At around 2 p.m. Napoleon received a long message from Grouchy with numerous intelligence reports attached. It clearly identified that three corps of the Prussian army had marched with the avowed intention of joining with Wellington’s army, but indicating that their line of march was towards Brussels, not towards Mont St Jean. This clearly indicated to Napoleon that the Prussians were not a threat that day. Lieutenant Colonel La Fresnaye, who carried this message, does not record any particular reaction by Napoleon and he remained with the Emperor for the remainder of the day.

Knowing that the other brigades were now closing up with him, Bulow, acting on the favourable reports from his scouts, decided to march the 15th Brigade to Paris wood at 2 p.m.; they found the Lasne valley boggy from the heavy rains but unguarded.

The thick Belgian mud sapped the strength of the artillery horses as the cannon sank deep in the loam and simply refused to move whilst the infantry found their boots being sucked from their feet; but with the urging of Marshal Blucher and immense determination, they finally crossed the Lasne, arriving at Paris wood at a little after 3 p.m. when pickets were placed at every exit to maintain the secrecy of their arrival. By 4 p.m. the 16th Brigade and the cavalry of the corps had also joined and another half an hour later brought the 13th Brigade up as well, having rested at Chapelle St. Lambert for some three hours. The reserve artillery and 14th Brigade arrived at Paris wood by 5 p.m. with the 5th Brigade of II Corps marching close behind.

By 16:30 however, Blucher was becoming increasingly worried about Wellington’s ability to continue to stand against the French assaults and he saw signs of troop movements that seemed to signify a withdrawal.
He ordered Bulow to launch an immediate attack with his two brigades and his cavalry without waiting for support. Bulow remonstrated, but Blucher insisted that they must do something to relieve the pressure on Wellington’s army. As Bulow’s troops went forward, pushing the French cavalry videttes back, the 13th Brigade and his corps artillery finally arrived to strengthen the attack.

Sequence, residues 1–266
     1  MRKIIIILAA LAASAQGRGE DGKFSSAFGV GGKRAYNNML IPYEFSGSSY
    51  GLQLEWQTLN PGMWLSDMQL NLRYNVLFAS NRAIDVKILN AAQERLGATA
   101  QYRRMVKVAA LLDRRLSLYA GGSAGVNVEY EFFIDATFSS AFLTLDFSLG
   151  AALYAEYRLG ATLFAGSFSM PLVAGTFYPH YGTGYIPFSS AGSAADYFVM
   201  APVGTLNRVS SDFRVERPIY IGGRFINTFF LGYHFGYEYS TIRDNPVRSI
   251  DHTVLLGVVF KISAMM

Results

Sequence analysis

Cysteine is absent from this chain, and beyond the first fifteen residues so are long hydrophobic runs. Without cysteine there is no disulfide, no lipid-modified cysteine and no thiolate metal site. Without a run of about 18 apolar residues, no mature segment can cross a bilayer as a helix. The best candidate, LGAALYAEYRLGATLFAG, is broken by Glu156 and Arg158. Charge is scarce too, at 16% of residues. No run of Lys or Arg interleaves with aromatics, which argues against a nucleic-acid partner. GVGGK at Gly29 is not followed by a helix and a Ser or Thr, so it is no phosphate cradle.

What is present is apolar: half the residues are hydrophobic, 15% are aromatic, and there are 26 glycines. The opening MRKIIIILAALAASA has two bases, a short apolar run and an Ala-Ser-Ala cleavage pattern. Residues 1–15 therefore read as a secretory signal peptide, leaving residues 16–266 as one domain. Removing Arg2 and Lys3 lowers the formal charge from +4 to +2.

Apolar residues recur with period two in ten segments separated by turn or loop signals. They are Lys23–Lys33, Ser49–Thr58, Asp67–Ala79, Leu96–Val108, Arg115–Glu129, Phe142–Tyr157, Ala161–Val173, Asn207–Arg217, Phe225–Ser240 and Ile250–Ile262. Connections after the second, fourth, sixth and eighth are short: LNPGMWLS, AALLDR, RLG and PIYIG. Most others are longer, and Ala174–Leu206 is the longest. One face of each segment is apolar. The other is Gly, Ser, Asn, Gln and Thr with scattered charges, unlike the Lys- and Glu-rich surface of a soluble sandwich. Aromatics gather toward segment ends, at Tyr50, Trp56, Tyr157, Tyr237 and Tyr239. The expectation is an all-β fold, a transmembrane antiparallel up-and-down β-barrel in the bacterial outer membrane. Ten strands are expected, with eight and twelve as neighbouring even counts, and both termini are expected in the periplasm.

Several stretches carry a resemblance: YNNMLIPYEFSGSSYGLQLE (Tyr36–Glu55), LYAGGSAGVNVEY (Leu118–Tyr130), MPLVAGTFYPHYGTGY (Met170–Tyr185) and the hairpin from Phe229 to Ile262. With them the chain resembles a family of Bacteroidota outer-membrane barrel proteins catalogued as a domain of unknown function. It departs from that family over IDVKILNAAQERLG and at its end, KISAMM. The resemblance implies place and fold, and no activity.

Lobau was surprised by this assault on his right, but soon placed his brigades of troops and supporting artillery along a ridge of high ground to the north of Plancenoit village to face this new threat. His small corps only numbered just over 7,000 infantry and about 3,000 cavalry with which to defend against Bulow’s 30,000 men. As Bulow advanced, he immediately sent part of the 15th Brigade out on his right to secure Frichermont and its neighbouring wood, to prevent any flank attack from Durutte’s troops. This was achieved with relative ease and the Prussians linked up with Saxe Weimar’s Nassau troops, but not without a number of ‘friendly fire’ incidents.

The rest of the 15th Brigade then moved on to engage Lobau’s main force on the ridge north of Plancenoit, whilst the 13th Brigade followed them in reserve. The 16th Brigade marched forward with their artillery and the cavalry protecting their flanks, determined to take the village of Plancenoit. Possession of the village would leave Napoleon’s rear completely unprotected, making his army very vulnerable; it had to be taken at all costs. The French cavalry videttes retired slowly in the face of Bulow’s advance and were eventually replaced by a cloud of infantry skirmishers who disputed every foot, but continued to retreat slowly until the Prussians finally reached the outskirts of the village.

This Prussian movement was also accidentally discovered by General Bernard, an aide to Napoleon, who soon reported his discovery. Eventually, around 4:30 p.m. a patrol arrived with a captured Prussian Hussar who readily revealed that the troops they could now see attacking Plancenoit were indeed Bulow’s Corps , not Grouchy. Seeing that Lobau’s Corps on the ridge was under severe pressure and mindful that the loss of the village would spell disaster for his army, Napoleon ordered the entire Young Guard Division, commanded by Comte Duhesme to occupy it and hold it. He rushed his troops into ‘Attack columns’ and sent all eight battalions into the village. The village of Plancenoit would be fought for, to the death; here the Young Guard were determined to make a stand.